The Impact of the Supreme Court’s Decision on Manufacturing and Distribution
After years of lower court decisions unfavorable to the Internal Revenue Service (“IRS”), the U.S. Supreme Court (“the Court”) ultimately sided with the IRS regarding severance pay considered as wages. As a result of the Court’s ruling, severance pay is now considered wages and subject to FICA tax. Let’s explore the impact of this decision and tax planning strategies for employers.
Background of the Decision
Previously, severance pay was not considered as wages. Thus, severance pay was not subject to FICA withholding. Now, due to the United States vs. Quality Stores ruling, both the employee and employer must pay FICA, or Social Security and Medicare tax, on severance pay. This increases the tax obligation for both the employee and employer.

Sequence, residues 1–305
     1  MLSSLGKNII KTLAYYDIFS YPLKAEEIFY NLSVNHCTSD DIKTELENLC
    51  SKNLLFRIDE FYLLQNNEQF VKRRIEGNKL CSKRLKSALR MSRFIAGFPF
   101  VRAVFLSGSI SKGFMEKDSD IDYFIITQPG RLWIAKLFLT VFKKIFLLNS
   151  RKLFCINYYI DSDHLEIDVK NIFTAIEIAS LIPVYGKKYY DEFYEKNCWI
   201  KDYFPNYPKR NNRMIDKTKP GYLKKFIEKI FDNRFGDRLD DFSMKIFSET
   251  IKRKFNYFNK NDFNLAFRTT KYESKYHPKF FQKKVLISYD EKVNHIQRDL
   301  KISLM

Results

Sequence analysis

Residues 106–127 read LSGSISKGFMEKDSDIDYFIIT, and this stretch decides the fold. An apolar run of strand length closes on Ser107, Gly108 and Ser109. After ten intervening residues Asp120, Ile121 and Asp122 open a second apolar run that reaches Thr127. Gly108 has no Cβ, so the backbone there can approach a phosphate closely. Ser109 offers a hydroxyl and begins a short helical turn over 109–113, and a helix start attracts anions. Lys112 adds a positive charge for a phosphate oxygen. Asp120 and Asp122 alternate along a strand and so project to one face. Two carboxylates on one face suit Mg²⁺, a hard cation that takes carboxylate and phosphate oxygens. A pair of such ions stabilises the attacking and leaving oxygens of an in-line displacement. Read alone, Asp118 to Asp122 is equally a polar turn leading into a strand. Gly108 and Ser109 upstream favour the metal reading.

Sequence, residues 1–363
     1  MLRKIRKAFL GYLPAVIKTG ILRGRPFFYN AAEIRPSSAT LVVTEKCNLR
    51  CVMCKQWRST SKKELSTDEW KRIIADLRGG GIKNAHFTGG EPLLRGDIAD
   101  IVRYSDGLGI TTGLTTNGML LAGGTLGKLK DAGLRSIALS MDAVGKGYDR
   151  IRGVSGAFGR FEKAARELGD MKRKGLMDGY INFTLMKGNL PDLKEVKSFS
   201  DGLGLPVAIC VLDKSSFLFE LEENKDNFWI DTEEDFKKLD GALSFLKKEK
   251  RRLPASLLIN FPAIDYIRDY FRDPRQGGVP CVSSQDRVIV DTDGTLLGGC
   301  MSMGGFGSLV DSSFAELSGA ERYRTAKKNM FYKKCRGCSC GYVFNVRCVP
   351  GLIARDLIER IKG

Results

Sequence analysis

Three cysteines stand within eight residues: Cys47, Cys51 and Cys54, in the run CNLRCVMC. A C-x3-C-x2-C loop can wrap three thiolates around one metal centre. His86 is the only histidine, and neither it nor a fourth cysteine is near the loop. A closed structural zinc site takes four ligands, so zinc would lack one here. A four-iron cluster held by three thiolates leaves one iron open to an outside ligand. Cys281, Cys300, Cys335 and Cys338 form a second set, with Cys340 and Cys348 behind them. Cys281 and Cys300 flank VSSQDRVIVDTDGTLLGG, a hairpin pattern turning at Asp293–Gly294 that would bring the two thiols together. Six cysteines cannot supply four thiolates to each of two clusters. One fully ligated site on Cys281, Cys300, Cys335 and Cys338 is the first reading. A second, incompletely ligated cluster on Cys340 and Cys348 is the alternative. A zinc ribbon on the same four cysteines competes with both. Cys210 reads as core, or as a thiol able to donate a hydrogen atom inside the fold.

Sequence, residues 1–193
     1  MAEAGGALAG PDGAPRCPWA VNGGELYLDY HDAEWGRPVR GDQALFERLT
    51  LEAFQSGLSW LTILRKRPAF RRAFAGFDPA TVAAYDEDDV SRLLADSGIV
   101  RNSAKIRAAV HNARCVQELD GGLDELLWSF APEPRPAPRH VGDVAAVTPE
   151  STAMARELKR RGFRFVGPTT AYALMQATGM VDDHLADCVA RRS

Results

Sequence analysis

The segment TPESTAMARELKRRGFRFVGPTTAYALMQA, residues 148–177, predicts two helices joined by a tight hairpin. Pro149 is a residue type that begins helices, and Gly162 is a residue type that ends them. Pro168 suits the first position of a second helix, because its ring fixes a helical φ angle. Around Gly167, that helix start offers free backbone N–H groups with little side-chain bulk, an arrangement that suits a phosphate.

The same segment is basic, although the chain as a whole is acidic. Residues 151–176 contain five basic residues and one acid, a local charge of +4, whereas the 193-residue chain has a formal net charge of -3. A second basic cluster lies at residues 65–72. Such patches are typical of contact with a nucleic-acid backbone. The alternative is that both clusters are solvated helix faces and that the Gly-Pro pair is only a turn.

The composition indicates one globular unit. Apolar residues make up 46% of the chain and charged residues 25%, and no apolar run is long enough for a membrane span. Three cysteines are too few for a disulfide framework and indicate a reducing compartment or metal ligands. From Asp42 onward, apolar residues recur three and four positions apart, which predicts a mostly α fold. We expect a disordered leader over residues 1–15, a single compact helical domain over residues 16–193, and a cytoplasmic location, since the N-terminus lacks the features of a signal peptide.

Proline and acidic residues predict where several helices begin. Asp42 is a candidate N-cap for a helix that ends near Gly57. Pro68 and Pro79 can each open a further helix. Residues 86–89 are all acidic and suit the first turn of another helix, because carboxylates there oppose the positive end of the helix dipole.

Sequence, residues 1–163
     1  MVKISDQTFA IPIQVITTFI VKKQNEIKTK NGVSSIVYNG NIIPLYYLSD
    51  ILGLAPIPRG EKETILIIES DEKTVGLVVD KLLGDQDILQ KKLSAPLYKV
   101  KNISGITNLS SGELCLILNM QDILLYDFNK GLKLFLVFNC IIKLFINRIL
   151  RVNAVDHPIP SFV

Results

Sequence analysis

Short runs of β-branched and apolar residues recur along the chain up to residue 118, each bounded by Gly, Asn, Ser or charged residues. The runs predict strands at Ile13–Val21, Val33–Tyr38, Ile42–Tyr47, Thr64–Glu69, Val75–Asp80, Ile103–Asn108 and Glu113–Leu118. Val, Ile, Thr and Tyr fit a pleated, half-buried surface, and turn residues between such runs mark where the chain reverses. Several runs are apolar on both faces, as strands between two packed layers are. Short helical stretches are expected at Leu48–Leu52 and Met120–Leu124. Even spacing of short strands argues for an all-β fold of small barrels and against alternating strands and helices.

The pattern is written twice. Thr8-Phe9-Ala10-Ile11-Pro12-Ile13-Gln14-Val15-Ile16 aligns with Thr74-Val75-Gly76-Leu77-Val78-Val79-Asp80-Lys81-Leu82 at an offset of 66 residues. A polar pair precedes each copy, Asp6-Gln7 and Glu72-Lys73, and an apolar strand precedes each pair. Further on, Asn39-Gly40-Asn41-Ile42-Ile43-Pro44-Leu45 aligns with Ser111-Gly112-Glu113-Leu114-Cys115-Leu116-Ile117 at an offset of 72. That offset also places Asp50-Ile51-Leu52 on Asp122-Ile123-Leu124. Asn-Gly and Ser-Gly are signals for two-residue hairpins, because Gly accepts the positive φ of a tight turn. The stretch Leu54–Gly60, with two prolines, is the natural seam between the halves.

Before the case was brought to the Court’s attention, employers filed refund claims to recover any overpayment of FICA taxes. These outstanding refund claims will now be closed out. No additional action is required from employers on these outstanding refund claims.
Tax Planning Strategies
One tax planning strategy available to employers is to accelerate payment of anticipated FICA taxes. If employers expect to lay off employees in the next tax year, they can pre-fund the FICA expense in a trust. If FICA payments are less than anticipated, the funds held in the trust can be used for other employee related benefits such as medical expenses. A safe harbor limit for reasonable severance pay also exists. It is 75 percent of the severance paid for any two of the seven preceding years.
The maximum severance pay amount is $78,000 per employee in 2014. This amount is adjusted annually for cost-of-living increases.
If you have specific questions on how this ruling may impact your business, please contact one of our Manufacturing & Distribution professionals.